A story on the Paulick Report about "America's Best Racing" popped up yesterday. The article, generally, focused on the ABR insiders and they tooted their horn a little (a couple of times with incredulous numbers). In the comments section (and in some places on the twitter) the project tended to get skewered.
I understand why people get up in arms about the whole ABR project (some are very good friends whom I respect). I get it. Where I diverge from that thought is based more on organizational behavior, not the nuts and bolts (i.e. the criticism of the job they are doing and tactics used).
Racing is odd, fractured, does not really have any idea who the customer is. It taxes based on slices not profits for revenue. Its best friend is a lobby group who wants slots. Racing is a gambling game so it has stalwarts like DRF.com in print and online. No, hold it, it's not a gambling game, so it has breeding heavy industry news at the Bloodhorse. But it is not only a breeding game, and it's much more than that, so it has the Paulick Report and Horse Racing Nation and a half dozen other outlets.
Racing is "The Best is Yet to Come" sung by a lady most of us don't know. It has Gene Simmons on a red carpet, while Gene from Brooklyn wonders what all the fuss is about. It has a faction of people going crazy on social media because a jockey is pregnant, while others are just wondering who is going to replace her tomorrow on the seven in the fourth. It's Kegasus and the Kentucky Derby infield, intertwined with people who would rather eat bees than be anywhere near Kegasus and the Kentucky Derby infield .
Why is racing all those things? Because racing's revenue stream and mandate is so polluted and fractured, there is no way any one website, or organization can do anything in any macro type way. Its an industry that has no clue what it is, so it throws everything against a wall, hoping it sticks.
One of my favorite organizations is Major League Soccer. They're new and they work very hard in a tough space. They've done some great work on social media and have an excellent flagship website. Through that site you can buy tickets, watch games through their platform, buy gear, play fantasy games and myriad other things. Customer enters funnel, customer can go through many funnels to get what they want. You've seen similar at other industry or sport portals, like MLB.com or NFL.com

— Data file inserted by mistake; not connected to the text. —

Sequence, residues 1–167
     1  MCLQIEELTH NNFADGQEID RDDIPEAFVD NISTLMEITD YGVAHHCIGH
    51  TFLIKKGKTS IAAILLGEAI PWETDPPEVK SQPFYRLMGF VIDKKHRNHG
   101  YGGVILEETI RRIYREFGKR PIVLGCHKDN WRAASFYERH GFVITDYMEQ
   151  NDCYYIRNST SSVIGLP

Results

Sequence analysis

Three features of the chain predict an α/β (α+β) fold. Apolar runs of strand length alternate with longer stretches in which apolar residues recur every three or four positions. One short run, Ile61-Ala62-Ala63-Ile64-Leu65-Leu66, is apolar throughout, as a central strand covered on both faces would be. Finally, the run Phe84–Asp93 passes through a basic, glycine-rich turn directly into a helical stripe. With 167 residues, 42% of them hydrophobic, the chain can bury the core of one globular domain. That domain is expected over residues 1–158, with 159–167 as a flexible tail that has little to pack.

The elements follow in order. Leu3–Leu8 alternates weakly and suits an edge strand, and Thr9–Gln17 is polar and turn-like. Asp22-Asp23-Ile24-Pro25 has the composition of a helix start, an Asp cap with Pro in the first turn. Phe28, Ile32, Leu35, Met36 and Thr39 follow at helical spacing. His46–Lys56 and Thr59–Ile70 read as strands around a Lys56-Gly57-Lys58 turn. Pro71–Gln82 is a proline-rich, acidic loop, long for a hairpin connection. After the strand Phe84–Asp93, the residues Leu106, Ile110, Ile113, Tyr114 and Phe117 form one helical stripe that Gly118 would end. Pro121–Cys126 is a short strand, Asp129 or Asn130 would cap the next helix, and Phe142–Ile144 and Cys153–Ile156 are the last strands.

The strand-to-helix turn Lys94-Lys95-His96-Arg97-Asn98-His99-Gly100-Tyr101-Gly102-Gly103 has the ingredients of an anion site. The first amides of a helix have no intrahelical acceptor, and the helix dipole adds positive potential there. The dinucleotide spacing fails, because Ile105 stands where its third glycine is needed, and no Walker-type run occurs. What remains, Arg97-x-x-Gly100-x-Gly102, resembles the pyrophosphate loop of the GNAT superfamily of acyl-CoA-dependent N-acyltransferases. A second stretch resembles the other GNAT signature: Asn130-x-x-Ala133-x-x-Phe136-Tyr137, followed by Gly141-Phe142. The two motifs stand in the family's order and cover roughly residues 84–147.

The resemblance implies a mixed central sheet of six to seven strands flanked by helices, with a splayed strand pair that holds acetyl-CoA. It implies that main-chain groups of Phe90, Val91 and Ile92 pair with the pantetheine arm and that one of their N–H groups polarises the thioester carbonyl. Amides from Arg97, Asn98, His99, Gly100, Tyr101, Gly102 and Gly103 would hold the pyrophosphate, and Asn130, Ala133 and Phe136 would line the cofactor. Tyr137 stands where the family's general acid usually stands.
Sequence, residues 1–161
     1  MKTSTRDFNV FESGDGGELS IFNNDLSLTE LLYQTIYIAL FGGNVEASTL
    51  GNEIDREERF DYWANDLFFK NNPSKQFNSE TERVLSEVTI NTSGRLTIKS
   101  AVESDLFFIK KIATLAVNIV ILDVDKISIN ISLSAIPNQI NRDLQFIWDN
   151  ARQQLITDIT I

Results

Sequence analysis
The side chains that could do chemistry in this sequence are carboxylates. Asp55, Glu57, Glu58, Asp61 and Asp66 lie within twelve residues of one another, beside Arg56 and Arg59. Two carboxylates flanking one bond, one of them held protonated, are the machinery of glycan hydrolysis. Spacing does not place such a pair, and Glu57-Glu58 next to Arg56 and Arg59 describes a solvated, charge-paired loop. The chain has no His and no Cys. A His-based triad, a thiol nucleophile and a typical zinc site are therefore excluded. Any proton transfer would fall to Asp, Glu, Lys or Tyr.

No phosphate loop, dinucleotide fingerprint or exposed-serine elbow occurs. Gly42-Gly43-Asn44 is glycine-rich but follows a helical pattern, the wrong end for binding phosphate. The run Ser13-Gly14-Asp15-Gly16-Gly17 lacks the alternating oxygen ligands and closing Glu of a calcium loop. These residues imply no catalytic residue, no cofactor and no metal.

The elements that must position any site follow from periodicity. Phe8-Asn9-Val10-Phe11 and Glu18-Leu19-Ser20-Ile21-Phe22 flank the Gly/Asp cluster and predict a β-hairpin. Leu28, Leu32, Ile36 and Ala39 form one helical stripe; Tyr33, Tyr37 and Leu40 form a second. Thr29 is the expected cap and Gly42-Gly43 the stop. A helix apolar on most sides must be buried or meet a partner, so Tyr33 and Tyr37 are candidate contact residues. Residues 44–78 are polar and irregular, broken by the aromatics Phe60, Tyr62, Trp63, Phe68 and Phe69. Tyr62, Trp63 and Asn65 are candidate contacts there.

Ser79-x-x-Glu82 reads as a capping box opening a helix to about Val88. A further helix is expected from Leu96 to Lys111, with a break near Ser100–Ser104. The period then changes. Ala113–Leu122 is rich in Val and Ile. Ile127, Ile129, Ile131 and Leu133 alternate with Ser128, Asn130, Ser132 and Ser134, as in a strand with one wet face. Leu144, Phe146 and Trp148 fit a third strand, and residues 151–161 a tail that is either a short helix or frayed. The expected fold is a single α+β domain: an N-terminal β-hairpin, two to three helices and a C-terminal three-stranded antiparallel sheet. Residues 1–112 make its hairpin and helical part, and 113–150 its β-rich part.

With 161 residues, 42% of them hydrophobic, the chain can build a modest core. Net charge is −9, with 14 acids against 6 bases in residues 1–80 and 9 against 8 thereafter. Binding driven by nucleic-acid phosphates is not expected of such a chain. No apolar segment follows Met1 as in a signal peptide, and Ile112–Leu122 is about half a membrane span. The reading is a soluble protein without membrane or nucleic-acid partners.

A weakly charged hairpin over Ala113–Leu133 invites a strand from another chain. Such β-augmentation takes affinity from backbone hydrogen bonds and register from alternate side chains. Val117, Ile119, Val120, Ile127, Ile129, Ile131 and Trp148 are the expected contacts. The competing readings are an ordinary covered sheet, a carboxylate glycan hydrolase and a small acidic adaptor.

For a 'racing.com', such a site cannot exist.
Sell tickets to the Derby? CDI owns that.
Show racing? Stronach says no (you can't even embed their videos on a blog), CDI says no (they won't even let some sites use their live odds feed).
Give free past performances? Ummm, no.
Fantasy games? If they tried to be Derby Wars there would likely be some sort of revolt by every horsemen group known to man.
API's, free stats, database searches? Not on your life.
Bet? Heavens no. There are like 50 ADW's, some don't have all the content, and aren't even available in your state. That's hands off.
So, go build a website about racing that can't do or say much about racing. Oh joy.
Well, pump grade I racing; Pump the experience. Pump the jocks. Pump the Queen's Plate. Pump Wise Dan. Pump hats and food trucks. Pump the on-track, live racing venue. Do so, and hope these people look into racing again, watch it on TV, or maybe make a bet a few times a year.
America's Best Racing is not the problem. Their problem is trying to exist and thrive in a eco-system that is fraught with problems. Looking at the slice they address, in the corner they're put into, they, in my opinion, aren't doing a poor job. They're probably doing about what many of us should expect.
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